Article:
Edited by Shakespeare’s friends and fellow actors John Heminges and Henry Condell, the first folio of the Bard’s work was printed in a run of about 800 copies in 1623, seven years after his death. It contains 36 of Shakespeare’s 38 plays, and is considered to be the only reliable text for half of his works, including “Macbeth.”
First folios are among the world’s most sought-after volumes, and Shakespeare aficionados track their whereabouts like bloodhounds. According to Rasmussen, a new one surfaces around every decade. Over the centuries, there have been some famous first folio disappearances: one went down with the doomed S.S. Arctic off Newfoundland in 1854, while another burned in the Great Chicago Fire of 1871. More recently, a first folio sold at Sotheby’s in 2006 for $5.2 million.
The volume recently uncovered in the library in St.-Omer is the 233rd known surviving first folio. It is missing its title page and several introductory pages, and was originally catalogued as an ordinary old edition, believed to be a reprint from the 18th century. But Rémy Cordonnier, director of the medieval and early modern collection at the library, suspected it might be a first folio. He turned to Eric Rasmussen, a professor at the University of Nevada in Reno and the author of “The Shakespeare First Folios: A Descriptive Catalogue.” Rasmussen traveled to Calais late last month to examine the volume, and found it had the distinctive watermarks that appear on the handmade paper used in the original folios. Within minutes, he deemed the folio authentic.
As Rasmussen told the New York Times: “First folios don’t turn up very often, and when they do, it’s usually a really chewed up, uninteresting copy. But this one is magnificent.” Scholars pore over the variations—however minute—between Shakespeare’s first folios in the hopes of uncovering something new about the master playwright’s intentions. The St.-Omer folio has a number of handwritten notes in the margins, which may provide clues as to how the plays were performed in medieval times. For example, in one scene in “Henry IV,” the word “hostess” is changed to “host” and the word “wench” to “fellow,” indicating that a female role might have been changed to a male.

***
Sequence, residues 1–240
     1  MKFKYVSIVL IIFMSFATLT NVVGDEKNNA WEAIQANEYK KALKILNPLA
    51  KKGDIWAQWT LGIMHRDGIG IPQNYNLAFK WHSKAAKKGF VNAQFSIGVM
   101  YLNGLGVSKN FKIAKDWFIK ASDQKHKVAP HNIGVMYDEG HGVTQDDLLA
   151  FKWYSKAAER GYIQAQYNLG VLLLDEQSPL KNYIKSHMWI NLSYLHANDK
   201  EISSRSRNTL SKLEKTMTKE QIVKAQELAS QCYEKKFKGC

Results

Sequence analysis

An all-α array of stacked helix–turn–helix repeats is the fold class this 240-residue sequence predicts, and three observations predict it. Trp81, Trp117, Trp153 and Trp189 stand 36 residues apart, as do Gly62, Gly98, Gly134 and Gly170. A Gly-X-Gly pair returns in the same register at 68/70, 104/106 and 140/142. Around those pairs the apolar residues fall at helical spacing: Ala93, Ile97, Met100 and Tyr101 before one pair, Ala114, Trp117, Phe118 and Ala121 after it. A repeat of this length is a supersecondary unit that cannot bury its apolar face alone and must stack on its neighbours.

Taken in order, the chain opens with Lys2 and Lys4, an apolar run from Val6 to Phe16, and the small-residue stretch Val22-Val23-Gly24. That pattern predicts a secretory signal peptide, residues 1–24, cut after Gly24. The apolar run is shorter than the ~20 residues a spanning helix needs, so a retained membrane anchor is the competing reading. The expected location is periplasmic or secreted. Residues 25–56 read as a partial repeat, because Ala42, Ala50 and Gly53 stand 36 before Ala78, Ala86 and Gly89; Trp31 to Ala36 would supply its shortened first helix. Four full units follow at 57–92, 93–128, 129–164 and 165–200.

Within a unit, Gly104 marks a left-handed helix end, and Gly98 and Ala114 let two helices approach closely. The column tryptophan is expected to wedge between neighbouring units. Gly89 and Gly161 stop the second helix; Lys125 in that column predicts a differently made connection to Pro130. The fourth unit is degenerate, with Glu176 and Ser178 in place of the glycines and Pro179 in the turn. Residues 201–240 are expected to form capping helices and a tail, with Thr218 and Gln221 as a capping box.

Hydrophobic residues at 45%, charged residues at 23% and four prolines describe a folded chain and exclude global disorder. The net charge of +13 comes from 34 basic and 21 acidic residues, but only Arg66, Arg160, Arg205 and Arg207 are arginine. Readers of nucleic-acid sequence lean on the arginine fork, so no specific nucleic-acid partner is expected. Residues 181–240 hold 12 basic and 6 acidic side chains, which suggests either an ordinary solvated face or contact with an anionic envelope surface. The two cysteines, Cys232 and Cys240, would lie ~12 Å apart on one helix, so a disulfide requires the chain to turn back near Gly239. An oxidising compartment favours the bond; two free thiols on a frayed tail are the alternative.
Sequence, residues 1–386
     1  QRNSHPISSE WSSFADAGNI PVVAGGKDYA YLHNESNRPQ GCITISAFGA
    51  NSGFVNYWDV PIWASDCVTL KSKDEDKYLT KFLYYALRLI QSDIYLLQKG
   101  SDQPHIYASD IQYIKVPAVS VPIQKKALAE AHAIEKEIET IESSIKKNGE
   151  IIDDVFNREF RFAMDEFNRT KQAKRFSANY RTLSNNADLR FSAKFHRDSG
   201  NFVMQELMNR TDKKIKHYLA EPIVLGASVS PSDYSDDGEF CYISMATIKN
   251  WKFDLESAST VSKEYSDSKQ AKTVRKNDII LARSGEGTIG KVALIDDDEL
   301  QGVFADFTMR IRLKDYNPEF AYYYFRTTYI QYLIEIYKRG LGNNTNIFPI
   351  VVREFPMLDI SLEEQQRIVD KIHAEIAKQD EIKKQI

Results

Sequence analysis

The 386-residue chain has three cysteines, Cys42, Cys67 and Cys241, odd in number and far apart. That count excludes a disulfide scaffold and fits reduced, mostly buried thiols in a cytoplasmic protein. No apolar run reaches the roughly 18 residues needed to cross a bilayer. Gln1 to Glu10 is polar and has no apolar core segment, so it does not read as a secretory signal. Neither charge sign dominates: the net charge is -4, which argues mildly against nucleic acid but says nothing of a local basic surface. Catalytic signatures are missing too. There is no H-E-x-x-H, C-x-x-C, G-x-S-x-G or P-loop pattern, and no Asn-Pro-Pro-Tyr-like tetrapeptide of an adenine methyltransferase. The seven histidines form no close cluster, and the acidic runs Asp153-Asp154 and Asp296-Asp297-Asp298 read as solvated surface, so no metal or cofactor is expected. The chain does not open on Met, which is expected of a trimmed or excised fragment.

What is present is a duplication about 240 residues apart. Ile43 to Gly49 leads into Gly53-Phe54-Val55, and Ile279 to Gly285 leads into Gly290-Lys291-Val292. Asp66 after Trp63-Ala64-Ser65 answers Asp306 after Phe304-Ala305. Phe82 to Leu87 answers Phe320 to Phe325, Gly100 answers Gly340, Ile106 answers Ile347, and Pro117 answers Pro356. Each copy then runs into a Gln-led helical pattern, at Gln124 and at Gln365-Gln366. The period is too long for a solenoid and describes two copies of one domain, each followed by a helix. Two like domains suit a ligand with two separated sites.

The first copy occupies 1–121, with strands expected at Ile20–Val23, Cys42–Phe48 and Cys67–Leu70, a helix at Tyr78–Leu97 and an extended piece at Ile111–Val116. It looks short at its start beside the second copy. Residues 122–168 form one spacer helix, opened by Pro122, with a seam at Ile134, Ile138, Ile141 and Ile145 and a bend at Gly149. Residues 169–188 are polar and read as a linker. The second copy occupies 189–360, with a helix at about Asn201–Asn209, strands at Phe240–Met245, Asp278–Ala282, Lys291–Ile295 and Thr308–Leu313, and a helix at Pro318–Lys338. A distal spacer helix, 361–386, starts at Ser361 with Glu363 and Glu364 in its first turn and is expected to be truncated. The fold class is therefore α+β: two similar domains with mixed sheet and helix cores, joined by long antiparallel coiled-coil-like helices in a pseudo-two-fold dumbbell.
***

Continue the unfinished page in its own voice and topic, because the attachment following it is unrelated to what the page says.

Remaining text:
Most interestingly, the first folio found in St.-Omer may fuel the controversial debate over whether Shakespeare may have been a secret Catholic, which has been going on for years in scholarly circles. The public library inherited the holdings of a long-defunct Jesuit college founded there in 1593 to provide a Catholic education for boys, which at the time was banned in England. The name “Neville,” inscribed on the folio’s first surviving page, links the volume to Edward Scarisbrick, a member of a prominent English Catholic family who took that name, and who may have brought the book to St.-Omer in the 1650s. (The college was expelled from France in 1762 and relocated to the Low Countries before finally settling in its present home in Lancashire, England, where it became Stonyhurst College.)
But even if this particular first folio has Jesuit connections, skeptics warn, that doesn’t necessarily indicate anything concrete about Shakespeare’s personal religious beliefs. As Shakespeare scholar James Shapiro of Columbia University told NPR News: “If it had been found in a yeshiva in Vilna, I wouldn’t suggest that Shakespeare was Jewish.”
The first folio will go on display in St.-Omer next summer as part of the library’s planned exhibition. Though it will no doubt prove a special draw for fans of English literature, the folio is not the rarest book among the small-town library’s collections: It also has a Gutenberg Bible, fewer than 50 of which are known to survive.